Anger at plan cost
In the days when Conservatives actually believed in conserving things they also tended to be against waste. Spending over a million pounds on failing to produce a local plan in good time is not my definition of the best way to use ratepayers’ money.
When this was revealed by the Craven Herald last week members of the ruling party queued up to inform your readers that this was not their fault and it was all caused by constant tinkering by central government since 2010. A curious argument when the Conservatives were responsible for both central government decision making and Craven Council decision making.
An even more curious argument when you consider that the Dales National Park already has its plan in place.
Up and down the country local councils have managed to produce strong local plans that do their best to insist on developers building what is needed locally in the face of fierce insistence from the central government that there must be an assumption in favour of development.
Craven has consistently produced late drafts of a desperately weak plan that does not include a single mechanism that would allow councillors to insist on developers building the one bedroom starter homes or specialist homes for the elderly that we actually need.
It was therefore hardly a surprise to discover that the council cannot recruit full time staff to work on a project which is developing such a bad reputation and are having to rely on expensive outside consultants who are less likely to know our area.
No wonder more and more local people are angry about seeing their local communities spoiled by endless developments of executive homes on green field sites. And also rather cross about seeing services cut whilst money is wasted in this profligate way on a project which is costing a fortune and completely failing to deliver. Not many people’s definition of competent economic management from the ruling local party.
Andy Brown, Main Street, Cononley Time to stop this waste Several years ago, I wrote letters to the ‘Craven Herald’ to express my concern at the sale of valuable assets, namely the HML site on Gargrave Rd and No 9 The High Street with attached car park, at well below their true value. Now we hear of the large sum of money – already over £1.0 million, and I have it on good authority that it could rise to £1.25 million - has been spent on the ever promised but never delivered ‘Local Plan’. The latest promise is for December this year, but don’t hold your breath.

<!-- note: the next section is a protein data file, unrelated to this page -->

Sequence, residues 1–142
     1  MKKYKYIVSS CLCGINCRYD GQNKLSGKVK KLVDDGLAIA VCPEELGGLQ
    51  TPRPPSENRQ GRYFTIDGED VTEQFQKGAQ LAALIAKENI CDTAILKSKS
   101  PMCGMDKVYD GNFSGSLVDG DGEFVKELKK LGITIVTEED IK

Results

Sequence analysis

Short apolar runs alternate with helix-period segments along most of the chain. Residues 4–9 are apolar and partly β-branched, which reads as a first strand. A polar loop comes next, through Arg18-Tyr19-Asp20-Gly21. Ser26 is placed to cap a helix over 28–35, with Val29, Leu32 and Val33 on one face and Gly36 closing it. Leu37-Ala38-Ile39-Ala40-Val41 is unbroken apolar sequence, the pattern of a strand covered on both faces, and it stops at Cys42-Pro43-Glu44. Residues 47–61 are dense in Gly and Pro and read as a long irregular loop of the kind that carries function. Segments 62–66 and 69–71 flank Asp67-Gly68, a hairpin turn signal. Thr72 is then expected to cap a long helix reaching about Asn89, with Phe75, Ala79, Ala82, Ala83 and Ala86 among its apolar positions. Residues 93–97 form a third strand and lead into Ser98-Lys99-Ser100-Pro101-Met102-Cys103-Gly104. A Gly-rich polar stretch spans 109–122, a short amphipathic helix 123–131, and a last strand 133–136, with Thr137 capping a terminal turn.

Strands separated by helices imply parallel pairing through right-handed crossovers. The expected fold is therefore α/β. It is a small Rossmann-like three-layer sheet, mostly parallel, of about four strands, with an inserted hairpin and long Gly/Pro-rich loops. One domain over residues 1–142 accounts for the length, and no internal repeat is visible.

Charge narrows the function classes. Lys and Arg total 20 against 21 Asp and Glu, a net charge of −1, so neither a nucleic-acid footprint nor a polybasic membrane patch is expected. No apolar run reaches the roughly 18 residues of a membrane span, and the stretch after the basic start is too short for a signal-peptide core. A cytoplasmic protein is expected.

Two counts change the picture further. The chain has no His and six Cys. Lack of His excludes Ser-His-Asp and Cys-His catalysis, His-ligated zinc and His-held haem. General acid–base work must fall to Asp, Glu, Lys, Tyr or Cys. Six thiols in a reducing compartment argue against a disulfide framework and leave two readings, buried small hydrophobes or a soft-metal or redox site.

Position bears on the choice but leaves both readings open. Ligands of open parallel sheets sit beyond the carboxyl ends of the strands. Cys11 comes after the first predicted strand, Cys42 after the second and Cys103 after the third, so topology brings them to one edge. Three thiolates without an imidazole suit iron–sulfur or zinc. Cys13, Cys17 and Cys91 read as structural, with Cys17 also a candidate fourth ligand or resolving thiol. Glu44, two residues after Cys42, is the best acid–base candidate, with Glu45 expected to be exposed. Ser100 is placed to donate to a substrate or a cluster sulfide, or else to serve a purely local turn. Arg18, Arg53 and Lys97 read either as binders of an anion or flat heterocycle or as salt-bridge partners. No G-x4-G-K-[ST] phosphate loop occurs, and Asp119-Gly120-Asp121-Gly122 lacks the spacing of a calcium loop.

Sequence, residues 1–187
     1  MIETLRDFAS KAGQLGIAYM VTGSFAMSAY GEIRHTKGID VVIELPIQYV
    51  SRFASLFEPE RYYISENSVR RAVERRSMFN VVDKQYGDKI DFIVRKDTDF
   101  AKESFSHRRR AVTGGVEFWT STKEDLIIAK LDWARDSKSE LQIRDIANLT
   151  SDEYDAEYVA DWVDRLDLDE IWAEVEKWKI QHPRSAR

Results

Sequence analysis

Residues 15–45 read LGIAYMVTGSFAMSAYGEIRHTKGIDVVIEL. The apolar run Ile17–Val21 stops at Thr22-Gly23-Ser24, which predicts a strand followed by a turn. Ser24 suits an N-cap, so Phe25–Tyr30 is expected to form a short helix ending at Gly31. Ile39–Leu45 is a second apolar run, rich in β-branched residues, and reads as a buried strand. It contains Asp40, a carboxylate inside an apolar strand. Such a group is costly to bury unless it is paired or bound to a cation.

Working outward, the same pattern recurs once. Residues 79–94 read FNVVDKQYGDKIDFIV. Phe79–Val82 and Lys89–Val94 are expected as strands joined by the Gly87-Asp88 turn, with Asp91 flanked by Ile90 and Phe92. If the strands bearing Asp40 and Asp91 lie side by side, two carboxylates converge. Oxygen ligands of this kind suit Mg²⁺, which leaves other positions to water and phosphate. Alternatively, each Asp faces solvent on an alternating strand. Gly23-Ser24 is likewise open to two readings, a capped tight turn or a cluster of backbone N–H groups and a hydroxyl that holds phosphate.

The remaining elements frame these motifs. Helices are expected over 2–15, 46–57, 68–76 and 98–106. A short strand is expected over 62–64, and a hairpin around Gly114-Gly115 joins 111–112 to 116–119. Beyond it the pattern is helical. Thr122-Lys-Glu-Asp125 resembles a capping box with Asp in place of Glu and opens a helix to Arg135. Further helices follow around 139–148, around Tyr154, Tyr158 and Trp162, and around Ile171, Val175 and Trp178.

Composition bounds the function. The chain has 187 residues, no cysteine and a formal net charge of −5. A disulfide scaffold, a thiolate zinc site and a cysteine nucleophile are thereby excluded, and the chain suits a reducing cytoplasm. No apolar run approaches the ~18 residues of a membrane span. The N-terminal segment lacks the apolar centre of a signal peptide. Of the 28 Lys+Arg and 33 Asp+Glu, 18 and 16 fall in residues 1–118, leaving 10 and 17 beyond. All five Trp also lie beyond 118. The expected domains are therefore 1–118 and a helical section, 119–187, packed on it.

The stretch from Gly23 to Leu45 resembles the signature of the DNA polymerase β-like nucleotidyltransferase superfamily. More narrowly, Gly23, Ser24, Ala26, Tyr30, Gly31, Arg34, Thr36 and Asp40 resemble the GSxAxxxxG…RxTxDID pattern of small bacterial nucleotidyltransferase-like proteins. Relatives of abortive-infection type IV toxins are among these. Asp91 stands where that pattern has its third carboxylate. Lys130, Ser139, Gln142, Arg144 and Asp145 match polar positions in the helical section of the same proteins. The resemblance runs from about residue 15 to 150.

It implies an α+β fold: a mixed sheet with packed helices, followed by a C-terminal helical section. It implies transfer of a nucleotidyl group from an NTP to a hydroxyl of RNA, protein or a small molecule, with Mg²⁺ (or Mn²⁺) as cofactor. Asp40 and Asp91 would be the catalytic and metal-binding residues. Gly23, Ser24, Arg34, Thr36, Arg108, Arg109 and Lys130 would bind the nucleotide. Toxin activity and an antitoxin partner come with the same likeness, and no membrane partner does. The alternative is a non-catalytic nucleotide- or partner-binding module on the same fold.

When will somebody take control of CDC finance and stop this appalling squandering of tax payers assets and money. It is only too easy to be profligate with other people’s money.
TOM GIBSON Stirton Unite against injustice Leaping nimbly onto the Cold War bandwagon, Mr AJA Smith (Academics lean Left, March 16), has spied the red under the bed: its name is academia. Apparently higher education is awash with left-wing academics busily brainwashing our youth. He cites the (right-wing) Adam Smith Institute’s study, “Lackademia: Why do Academics Lean Left?” That intellectuals in the Humanities tend to be more left-leaning is hardly news. Is Mr Smith right to be worried? According to one of the main sources for “evidence” used in “Lackadamia” Smith can rest easy: John Morgan in the Times Higher Education calls the study a “wafer-thin report” which draws unsubstantiated conclusions from the online survey he (that is Morgan) conducted to see how academics would vote before the last election. A self-selecting 1019 responded, 46% stating they intended to vote Labour. Even the author of “Lackadamia” admitted that his conclusions should be treated with “caution.” What any of this, outside Mr Smith’s fertile imagination, has to do with intolerance and a lack of free speech in universities is anyone’s guess.
Mr Smith goes on to distinguish between the loony left in academia and the sober majority who clearly resist “groupthink.” However, academics and the sober citizen have much more in common than Mr Smith allows: the overwhelming majority are for a free and public NHS, 70% for renationalizing the railways, and a majority for more accessible, i.e. cheaper if not free, higher education. Leftwing? Or common sense if one believes in a more equal and fairer society?
By citing a life-long socialist, George Orwell, in his assault on academics, Mr Smith is really showing how selective he is with his “evidence.” If Orwell could be acerbic about self-serving intellectuals (on the left and the right) he would also warn that if Socialism was not instituted in England we’d end up with “a slimy Anglicised form of Fascism.” Rather than attempt to whip up division and spread misinformation, as Mr Smith prefers, we should, Orwell argues, unite against exploitation and fear-mongering as well as be concerned “more about justice, liberty and the plight of the unemployed” (The Road to Wigan Pier). DR BRUCE MCLEOD Otterburn